The Minister for Education, Richard Bruton, has formally launched his four-week consultation process on his plans to address the role of religion in school admissions. Please make a submission, however futile you may feel it to be. Atheist Ireland has prepared the template below for you to use if you want to make a short submission.
You can add to and/or edit this template to describe your own experiences of religious discrimination in Irish schools, and any other points that you think are important. It includes a summary of what we think are the most important points to raise in order to protect your Constitutional and human rights.
Next week Atheist Ireland will also be publishing a more detailed analysis for people who want to make a longer submission. This consultation is an unrealistically complex process, with extra complications having to be added along the way to address obvious flaws in the original complications. The Minister is expecting busy parents to rank six options in preferred order, then address each of those six options under four different headings.
Firstly the Minister wants you to put these six options in your preferred order (the order listed here is the Minister’s numbering, not our preferences): 1 Catchment areas, 2 Nearest school, 3 Quotas, 4(a) Prohibition, 4(b) Declaration of support for ethos, and 4(c) Minority faith school quotas. Secondly, for each option, the Minister also wants your opinions on four Specific Issues, which are: A. Impact on minority religions, B. Possible Constitutional issues, C. Management/administration, and D. possible unintended impacts.
This short template, and next week’s longer template, will help to guide you through this maze, by highlighting what Atheist Ireland believes are the most important points to raise in this consultation process.
Atheist Ireland’s template for a short submission
Please copy and paste the following text, then add to it and/or edit it to use as your short submission. You have until 5pm on Monday 20th February. You should email your submission to email@example.com
Submission to Consultation Process on Religion and Admission to Schools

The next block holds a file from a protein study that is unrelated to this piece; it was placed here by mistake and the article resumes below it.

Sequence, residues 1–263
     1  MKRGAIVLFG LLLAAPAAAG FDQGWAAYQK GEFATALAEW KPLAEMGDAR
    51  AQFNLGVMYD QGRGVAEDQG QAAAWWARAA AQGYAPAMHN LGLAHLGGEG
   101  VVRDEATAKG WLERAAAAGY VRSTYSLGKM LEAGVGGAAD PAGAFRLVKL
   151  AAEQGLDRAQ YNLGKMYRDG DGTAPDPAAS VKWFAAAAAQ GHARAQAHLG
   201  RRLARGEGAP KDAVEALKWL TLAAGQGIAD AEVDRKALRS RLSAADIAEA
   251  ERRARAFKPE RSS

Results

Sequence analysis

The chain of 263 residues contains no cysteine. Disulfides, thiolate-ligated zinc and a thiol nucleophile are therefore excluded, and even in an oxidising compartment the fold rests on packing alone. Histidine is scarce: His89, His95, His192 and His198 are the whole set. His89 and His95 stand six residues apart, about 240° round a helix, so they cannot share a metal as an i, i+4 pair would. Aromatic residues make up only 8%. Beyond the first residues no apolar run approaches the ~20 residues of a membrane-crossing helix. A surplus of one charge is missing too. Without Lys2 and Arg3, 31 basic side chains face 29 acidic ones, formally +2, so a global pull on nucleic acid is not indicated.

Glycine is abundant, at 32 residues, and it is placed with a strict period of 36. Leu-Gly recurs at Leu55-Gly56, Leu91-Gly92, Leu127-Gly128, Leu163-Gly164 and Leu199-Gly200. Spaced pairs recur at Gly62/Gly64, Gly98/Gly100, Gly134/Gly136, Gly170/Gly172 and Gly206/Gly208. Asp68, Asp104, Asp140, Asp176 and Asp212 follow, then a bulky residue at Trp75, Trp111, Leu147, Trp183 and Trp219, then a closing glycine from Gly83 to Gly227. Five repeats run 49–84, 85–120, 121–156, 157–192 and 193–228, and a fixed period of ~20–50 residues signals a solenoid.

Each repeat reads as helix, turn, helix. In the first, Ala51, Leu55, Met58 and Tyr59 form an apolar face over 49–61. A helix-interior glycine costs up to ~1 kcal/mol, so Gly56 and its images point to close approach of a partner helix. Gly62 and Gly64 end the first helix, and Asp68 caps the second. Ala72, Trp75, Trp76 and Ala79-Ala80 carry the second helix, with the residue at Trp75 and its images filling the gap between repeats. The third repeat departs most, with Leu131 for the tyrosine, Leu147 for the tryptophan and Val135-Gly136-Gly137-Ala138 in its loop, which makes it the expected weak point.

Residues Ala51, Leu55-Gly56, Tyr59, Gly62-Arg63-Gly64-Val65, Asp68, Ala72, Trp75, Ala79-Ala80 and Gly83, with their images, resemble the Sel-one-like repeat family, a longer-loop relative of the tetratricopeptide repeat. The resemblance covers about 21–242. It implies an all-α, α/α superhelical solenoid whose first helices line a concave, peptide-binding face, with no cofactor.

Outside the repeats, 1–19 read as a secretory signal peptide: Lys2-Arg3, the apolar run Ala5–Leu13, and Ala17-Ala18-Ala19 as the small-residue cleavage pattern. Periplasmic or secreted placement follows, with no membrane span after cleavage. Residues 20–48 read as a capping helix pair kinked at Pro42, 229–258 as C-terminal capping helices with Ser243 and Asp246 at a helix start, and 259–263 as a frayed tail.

Dear Minister Bruton,
I have experience of religious discrimination in Irish schools.
[add details here in your own words,
and make any points you personally think are important,
then continue with, or amend, the rest of the letter]
This issue is not merely about access. It is also about the religious discrimination that happens within schools. There is no point in having equal access to being discriminated against. The Irish Human Rights and Equality Commission has already made this point by asking the Government to amend the Admission to Schools Bill to ensure the State curriculum is delivered in an objective, critical and pluralist manner.
None of the six Consultation options respect our Constitutional and human rights. Under Article 42.1, the State has a duty to respect the inalienable right and duty of all parents to ensure the teaching of their children is in conformity with their convictions. The European Court says this is an absolute right, not to be balanced against the rights of others, or to be gradually achieved. Under Article 42.3.1, the State shall not oblige parents in violation of their conscience and lawful preference to send their children to schools established by the State.
The proposals as a whole are unjust, costly, bureaucratic, and bizarrely complicated. Option 4(a) (outright repeal of Section 7(3)(c)) is the only option that could even form part of respecting our Constitutional and human rights. And it could only do that if the Government also removes the right to evangelise inside the school, including by integrating a religious ethos throughout the whole school day and discriminating against teachers on the ground of religion.
Most worryingly, whatever option is chosen, Specific Issue B (possible Constitutional issues) means the Government might balance it off by strengthening the right to enforce a religious ethos inside the school. This is the biggest danger: that this process will strengthen religious discrimination within schools and further undermine the rights of parents, children, and teachers.
Option 4(c) and Specific Issue A (protecting “minority faith” schools) are also unjust. All religious ethos schools discriminate against atheists and members of minority faiths. Church of Ireland schools discriminate against Evangelicals, and Islamic schools discriminate against Ahmadi Muslims. Instead of privileging some religious institutions over others, the Government should protect the Constitutional and human rights of the real religious minorities: individual parents, children, and teachers, regardless of their religious or nonreligious beliefs.